Conferences and Workshops
Over 3 billion people rely on solid fuels burned in inefficient devices to meet their cooking and heating needs with profound social and environmental consequences. There is strong evidence indicating that Household Air Pollution (HAP) caused by poor combustion of biomass and other solid fuels contributes to acute lower respiratory infections in children, low birth weight and stillbirth, chronic obstructive pulmonary disease and lung cancer, as well as cataracts and tuberculosis. As a result, HAP is the fourth leading cause of illness and death worldwide. Poor combustion of household solid fuels is also a major source of short-lived climate forcers including black carbon aerosols and methane. There are also concerns that solid fuel use contributes to forest degradation, which adds to climate impacts of household energy and causes local environmental problems.
Since the 1970s, researchers and development practitioners have attempted to design and disseminate improved household technologies to reduce fuel consumption and HAP emissions, catalyze the development of cottage industries, increase opportunities for skilled labor, and promote women’s empowerment. However, the results of these programs have been highly variable and long-term acceptance of new technologies and behaviors has proven elusive. In this way, clean cookstoves are similar to other simple, inexpensive technological and behavioral changes that have been promoted to address critical development challenges, but are adopted and used at surprisingly low rates. Other examples include health-improving technologies like insecticide-treated bed nets and condoms, agricultural technologies like high-yield crop varieties and fertilizer, and financial savings instruments such as insurance.
At a recent global forum on clean cookstoves organized by the UN Foundation in Phnom Penh in March 2013, a broad range of experts convened. Among the themes discussed at the forum was the admission that while great gains have been made quantifying the health and environmental impacts of HAP, increased efforts were still required to achieve large-scale adoption and long-term use of cleaner burning stoves among at-risk populations. Closing the so-called “adoption gap,” between successful small-scale efforts in a few hundred households and long-term, financially sustainable and culturally appropriate solutions for the hundreds of millions who are at-risk requires much more engagement between technical experts and social/behavioral scientists. In response to this challenge, this workshop brings together a small group of development practitioners and academic researchers to discuss ways to better understand and overcome the barriers to successful technical and behavioral change at the household level.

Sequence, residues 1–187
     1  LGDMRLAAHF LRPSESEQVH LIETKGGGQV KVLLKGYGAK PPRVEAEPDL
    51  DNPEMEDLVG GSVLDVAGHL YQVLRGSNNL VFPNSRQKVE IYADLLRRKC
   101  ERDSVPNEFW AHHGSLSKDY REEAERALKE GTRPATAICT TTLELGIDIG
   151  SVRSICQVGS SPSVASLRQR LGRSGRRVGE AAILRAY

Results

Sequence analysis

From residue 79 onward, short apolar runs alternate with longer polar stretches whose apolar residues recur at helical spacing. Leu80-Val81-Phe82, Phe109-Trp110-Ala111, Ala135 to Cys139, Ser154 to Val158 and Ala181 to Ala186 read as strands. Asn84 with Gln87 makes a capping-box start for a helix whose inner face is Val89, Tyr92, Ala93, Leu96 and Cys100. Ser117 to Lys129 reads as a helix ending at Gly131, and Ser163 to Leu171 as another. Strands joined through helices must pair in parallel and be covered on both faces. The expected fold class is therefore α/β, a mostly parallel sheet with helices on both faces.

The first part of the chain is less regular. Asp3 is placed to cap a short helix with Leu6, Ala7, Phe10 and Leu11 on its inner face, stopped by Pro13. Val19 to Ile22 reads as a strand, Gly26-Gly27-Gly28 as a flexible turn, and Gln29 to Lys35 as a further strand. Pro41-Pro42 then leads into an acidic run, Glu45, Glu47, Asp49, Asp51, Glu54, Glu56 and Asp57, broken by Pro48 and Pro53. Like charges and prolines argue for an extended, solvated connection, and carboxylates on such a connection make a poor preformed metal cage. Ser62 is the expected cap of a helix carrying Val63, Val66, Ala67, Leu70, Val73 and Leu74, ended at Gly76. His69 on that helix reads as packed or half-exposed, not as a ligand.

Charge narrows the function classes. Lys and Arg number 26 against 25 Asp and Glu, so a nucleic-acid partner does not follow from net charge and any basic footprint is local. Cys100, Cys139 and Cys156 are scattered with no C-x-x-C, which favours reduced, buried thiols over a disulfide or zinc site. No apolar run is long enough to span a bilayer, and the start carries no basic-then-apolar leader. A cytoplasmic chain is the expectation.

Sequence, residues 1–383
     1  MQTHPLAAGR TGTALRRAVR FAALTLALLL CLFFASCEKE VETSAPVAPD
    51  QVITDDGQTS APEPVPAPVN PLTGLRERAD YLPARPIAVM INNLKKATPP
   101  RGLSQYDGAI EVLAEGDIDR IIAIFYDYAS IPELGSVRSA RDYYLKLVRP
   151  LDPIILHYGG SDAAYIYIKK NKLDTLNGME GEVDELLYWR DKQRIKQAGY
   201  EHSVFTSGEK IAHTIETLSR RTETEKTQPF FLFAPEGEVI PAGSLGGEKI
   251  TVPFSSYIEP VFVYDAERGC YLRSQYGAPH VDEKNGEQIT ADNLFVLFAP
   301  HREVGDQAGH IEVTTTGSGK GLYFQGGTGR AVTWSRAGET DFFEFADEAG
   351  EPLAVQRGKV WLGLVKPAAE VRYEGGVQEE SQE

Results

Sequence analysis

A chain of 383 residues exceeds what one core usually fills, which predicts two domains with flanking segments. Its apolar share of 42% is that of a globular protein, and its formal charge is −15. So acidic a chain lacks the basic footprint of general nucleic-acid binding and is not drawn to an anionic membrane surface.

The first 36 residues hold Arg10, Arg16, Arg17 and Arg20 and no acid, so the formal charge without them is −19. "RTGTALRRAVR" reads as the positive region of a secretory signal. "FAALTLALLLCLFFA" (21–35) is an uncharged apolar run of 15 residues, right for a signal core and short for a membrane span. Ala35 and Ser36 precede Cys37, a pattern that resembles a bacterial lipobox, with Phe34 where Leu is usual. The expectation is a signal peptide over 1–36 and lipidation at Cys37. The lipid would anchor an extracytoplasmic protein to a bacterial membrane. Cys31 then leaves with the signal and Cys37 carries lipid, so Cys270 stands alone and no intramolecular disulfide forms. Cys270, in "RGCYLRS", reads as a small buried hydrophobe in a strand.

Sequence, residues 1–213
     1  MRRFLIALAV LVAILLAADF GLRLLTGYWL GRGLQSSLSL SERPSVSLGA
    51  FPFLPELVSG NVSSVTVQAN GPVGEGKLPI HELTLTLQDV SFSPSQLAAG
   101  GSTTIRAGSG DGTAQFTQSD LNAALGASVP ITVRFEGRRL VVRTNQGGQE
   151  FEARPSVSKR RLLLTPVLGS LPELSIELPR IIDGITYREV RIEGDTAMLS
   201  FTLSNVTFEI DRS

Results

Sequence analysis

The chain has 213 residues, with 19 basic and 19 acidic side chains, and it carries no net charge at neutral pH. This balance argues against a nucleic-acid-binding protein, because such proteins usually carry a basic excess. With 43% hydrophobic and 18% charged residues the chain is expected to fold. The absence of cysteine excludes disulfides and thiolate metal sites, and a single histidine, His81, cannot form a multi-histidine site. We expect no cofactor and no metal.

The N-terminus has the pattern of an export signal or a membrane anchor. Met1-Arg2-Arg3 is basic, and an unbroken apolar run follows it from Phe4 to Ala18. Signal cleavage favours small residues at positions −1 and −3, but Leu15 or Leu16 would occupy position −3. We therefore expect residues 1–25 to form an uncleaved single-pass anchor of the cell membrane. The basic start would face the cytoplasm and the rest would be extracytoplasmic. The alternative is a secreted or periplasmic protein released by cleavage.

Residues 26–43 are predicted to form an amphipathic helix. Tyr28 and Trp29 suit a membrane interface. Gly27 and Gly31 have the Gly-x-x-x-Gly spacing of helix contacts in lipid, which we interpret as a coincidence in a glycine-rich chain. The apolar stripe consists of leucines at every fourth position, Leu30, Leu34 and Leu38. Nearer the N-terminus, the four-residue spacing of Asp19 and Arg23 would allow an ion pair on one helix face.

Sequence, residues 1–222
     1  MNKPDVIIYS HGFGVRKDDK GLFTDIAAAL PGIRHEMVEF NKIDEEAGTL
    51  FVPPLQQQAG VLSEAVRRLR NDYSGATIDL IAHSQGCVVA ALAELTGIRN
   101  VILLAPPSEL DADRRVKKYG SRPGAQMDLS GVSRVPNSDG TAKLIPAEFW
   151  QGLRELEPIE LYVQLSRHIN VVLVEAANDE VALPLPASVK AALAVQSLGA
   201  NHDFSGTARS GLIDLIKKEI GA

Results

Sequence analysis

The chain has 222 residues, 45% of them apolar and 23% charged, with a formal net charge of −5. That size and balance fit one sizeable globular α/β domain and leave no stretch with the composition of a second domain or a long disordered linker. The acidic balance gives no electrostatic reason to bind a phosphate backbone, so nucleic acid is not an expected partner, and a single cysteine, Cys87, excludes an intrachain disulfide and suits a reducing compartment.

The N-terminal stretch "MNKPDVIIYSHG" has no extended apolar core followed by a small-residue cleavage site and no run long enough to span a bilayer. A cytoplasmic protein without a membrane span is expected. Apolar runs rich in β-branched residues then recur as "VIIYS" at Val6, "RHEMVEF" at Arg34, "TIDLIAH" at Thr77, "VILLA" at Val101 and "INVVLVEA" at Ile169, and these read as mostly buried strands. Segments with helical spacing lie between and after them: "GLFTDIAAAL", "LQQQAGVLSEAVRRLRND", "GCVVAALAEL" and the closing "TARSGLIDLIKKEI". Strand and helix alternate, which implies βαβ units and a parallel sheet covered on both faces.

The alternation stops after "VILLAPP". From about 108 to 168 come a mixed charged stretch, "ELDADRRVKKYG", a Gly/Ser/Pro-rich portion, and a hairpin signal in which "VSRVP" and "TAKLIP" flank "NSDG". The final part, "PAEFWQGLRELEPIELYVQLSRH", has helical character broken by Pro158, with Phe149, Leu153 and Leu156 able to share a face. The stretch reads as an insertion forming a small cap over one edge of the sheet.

Workshop Goals and Projected Outcomes Include:
- Create dialogue between social and behavioral science researchers with public health experts and engineers to identify opportunities and barriers for the dissemination of HAP-reducing technologies;
- Articulate complementary and competing relationships within varying models of household technology diffusion;
- Generate a consensus statement, which identifies a research agenda for reducing HAP as well as recommendations for fruitful collaboration across the disciplines and sectors committed to its reduction.
A previous workshop sponsored by YCELP and YCEI at Pace Law School confirmed that many land use impacts of fracking are not adequately addressed by state and federal regulatory schemes. This follow-up event at Yale will summarize the findings of the first event and convene practitioners and experts to help identify local governance best practices that municipalities can employ to control the impacts of fracking in place of outright bans on the practice.
The featured presentor at this second workshop is Dr. Hannah Wiseman, assistant professor of law at Florida State University. Dr. Wiseman is a former managing editor of the Yale Journal of Regulation and an acknowledged expert on the current state of gas shale regulation throughout the nation.
The workshop is motivated by the appreciation that our knowledge of the Arctic system over millennia can be refined and greatly improved through better integration of Arctic archaeology, ice core and other reconstructions of climate parameters with studies of the contemporary Arctic environment. Researchers across a range of disciplines (including Archaeologists, Oceanographers, Marine Biologists, Historians, Atmospheric Scientists, and Paleoclimatologists) will collaborate to explore the important relationship between culture and the Arctic environment.
Organizer: Mary-Louise Timmermans; Department of Geology and Geophysics